Book Review: Trey the Chef: Cooking Camp

Trey the Chef: Cooking Camp, by Kira Parris-Moore

My review: ★★★★★

Trey is a boy who loves cooking. He’s excited because it’s his first day of cooking camp. But when he arrives at camp, he finds the environment to be too noisy, the lights too bright, and the crowd uncomfortable. He begins to react with some coping behaviors, which make the kids around him question what’s going on. His teacher explains the situation with compassion, though, and helps calm Trey down. He gets back to cooking, and cooks such a great dish that all the kids start asking him to help them. At the end of the book are a few pictures of the real-life Trey and a few recipes for kids.

This is an all-around great book. It treats autism as something to be understood, not feared or pitied. It is empathetic on all sides: Kids with autism will find acceptance. Kids who are unfamiliar with autism will be taught to empathize with what kids like Trey are going through, and to react with calm and acceptance. The book also features a diverse set of people, both in the artwork and the photos from the recipes. The artwork is high quality. I can’t think of much that I’d change about the book, aside from my personal preference against rhyming books, and I would have liked to see a recipe from Trey himself.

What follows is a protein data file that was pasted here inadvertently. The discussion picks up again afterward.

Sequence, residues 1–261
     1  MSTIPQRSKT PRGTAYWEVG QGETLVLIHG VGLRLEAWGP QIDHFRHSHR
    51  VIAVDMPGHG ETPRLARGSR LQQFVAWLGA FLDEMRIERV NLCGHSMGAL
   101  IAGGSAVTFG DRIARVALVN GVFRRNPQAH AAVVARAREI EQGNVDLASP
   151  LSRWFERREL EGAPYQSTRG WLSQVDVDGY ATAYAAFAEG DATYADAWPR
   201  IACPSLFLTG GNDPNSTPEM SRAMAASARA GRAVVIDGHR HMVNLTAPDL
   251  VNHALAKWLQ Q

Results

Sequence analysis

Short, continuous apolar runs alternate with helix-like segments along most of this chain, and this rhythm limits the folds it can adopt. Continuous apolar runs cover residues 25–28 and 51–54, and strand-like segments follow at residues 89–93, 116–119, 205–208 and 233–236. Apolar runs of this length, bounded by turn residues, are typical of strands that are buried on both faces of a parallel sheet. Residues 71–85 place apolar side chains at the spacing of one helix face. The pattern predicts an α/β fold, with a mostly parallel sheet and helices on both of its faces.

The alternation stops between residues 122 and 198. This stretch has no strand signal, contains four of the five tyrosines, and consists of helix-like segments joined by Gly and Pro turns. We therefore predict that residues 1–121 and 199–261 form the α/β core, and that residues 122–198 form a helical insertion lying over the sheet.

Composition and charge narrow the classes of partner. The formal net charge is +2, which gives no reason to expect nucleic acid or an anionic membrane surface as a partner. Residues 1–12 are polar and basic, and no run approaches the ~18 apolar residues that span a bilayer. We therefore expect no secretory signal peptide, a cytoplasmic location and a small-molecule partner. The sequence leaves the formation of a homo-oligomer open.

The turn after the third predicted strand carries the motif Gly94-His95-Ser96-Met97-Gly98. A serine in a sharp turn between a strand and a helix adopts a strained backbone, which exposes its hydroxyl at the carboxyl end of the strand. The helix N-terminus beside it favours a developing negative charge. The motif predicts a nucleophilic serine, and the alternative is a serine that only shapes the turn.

This is a sequel to a previous book Trey the Chef, in a series called The Heroes We Know. The series features people with mental health and developmental challenges. I recommend that you check out the whole series.

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